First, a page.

“Cities, like dreams, are made of desires and fears, even if the thread of their discourse is secret, their rules are absurd, their perspectives deceitful, and everything conceals something else.” — from Invisible Cities
In a garden sit the aged Kublai Khan and the young Marco Polo — Mongol emperor and Venetian traveler. Kublai Khan has sensed the end of his empire coming soon. Marco Polo diverts his host with stories of the cities he has seen in his travels around the empire: cities and memory, cities and desire, cities and designs, cities and the dead, cities and the sky, trading cities, hidden cities. As Marco Polo unspools his tales, the emperor detects these fantastic places are more than they appear.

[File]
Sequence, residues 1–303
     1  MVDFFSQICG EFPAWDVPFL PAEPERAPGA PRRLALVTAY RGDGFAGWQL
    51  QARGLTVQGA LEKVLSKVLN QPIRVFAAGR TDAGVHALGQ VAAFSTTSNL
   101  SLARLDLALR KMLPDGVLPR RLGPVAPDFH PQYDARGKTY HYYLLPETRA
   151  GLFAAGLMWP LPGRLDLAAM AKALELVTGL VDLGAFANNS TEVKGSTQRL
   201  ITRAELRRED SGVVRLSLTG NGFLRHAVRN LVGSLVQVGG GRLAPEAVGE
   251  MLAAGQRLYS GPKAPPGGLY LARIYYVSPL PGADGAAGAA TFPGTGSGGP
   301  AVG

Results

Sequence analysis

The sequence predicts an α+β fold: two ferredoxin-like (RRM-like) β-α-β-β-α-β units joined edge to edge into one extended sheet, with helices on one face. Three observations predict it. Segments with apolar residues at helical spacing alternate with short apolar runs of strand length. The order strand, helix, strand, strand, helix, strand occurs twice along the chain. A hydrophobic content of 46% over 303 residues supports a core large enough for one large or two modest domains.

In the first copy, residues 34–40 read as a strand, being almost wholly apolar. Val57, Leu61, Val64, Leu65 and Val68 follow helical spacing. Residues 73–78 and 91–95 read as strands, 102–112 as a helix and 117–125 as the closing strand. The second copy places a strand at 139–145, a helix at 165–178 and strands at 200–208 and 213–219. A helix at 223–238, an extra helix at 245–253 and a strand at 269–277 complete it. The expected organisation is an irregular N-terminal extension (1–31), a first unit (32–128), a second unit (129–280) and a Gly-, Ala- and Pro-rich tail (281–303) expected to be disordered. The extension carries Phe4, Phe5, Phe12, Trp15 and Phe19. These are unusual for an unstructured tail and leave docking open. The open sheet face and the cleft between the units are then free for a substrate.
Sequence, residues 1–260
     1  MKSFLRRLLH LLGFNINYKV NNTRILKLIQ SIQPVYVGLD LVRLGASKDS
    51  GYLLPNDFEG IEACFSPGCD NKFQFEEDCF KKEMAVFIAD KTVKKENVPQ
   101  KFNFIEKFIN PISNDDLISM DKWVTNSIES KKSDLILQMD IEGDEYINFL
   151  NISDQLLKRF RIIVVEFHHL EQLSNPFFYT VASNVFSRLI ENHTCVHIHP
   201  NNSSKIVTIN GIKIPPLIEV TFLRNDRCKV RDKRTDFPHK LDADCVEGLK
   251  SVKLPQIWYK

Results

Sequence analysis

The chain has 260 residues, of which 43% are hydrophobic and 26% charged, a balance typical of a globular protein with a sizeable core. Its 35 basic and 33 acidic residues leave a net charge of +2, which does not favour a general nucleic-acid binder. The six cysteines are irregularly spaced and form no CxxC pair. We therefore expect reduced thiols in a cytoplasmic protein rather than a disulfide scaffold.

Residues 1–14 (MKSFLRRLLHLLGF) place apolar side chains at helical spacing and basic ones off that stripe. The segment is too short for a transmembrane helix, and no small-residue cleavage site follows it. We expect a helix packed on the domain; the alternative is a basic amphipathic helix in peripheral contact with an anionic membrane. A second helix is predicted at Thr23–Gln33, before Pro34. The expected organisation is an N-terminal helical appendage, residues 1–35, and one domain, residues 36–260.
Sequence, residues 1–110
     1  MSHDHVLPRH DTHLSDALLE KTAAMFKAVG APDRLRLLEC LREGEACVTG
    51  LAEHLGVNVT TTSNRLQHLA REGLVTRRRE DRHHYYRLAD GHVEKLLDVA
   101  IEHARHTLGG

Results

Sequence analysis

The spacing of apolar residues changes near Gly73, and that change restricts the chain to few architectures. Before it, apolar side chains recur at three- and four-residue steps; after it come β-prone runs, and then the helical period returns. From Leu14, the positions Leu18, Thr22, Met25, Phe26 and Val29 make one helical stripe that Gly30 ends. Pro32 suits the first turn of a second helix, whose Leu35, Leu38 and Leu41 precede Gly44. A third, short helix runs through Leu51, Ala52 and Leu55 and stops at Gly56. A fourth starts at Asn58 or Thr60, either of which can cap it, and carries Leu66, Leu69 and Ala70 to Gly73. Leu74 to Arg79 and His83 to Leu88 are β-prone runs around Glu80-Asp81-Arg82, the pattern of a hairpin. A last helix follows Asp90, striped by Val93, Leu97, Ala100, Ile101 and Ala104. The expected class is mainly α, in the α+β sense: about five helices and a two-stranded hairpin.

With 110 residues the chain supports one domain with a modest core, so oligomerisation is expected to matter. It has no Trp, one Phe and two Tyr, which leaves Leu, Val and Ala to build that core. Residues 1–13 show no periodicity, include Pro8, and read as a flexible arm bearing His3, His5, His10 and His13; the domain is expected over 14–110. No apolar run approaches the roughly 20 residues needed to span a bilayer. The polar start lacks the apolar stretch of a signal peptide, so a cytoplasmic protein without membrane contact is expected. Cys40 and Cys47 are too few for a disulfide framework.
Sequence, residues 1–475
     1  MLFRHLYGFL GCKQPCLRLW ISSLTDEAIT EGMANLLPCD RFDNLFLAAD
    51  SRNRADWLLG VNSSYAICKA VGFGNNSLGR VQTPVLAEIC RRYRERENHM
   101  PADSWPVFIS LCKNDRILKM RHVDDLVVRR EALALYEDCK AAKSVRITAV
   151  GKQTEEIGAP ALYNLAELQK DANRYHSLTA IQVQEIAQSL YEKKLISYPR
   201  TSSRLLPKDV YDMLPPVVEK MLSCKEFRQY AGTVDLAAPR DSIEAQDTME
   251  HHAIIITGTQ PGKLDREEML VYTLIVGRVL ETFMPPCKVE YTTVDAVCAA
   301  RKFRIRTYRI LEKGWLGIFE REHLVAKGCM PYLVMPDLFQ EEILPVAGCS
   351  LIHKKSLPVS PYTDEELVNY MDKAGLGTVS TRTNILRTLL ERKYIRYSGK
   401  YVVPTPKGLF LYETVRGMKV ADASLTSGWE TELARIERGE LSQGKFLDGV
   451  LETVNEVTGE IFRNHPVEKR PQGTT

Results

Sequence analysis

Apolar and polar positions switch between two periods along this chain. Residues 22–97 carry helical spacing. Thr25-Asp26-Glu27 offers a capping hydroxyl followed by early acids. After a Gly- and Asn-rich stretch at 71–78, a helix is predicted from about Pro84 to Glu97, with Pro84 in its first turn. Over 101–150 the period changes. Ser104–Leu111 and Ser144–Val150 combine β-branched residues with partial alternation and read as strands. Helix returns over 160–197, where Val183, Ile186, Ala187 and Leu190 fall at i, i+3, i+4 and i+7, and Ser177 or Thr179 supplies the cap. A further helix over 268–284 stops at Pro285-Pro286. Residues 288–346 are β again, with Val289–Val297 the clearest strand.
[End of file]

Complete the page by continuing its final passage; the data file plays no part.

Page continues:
“Invisible Cities changed the way we read and what is possible in the balance between poetry and prose . . . The book I would choose as pillow and plate, alone on a desert island.” — Jeanette Winterson
Worth repeat readings
I've had and given away at least half a dozen copies of this book over the years. I find it entertaining even without delving deeply, but it rewards repeated reading. Delighted to now have a copy that I can carry with me at all times, even if I cannot give it away.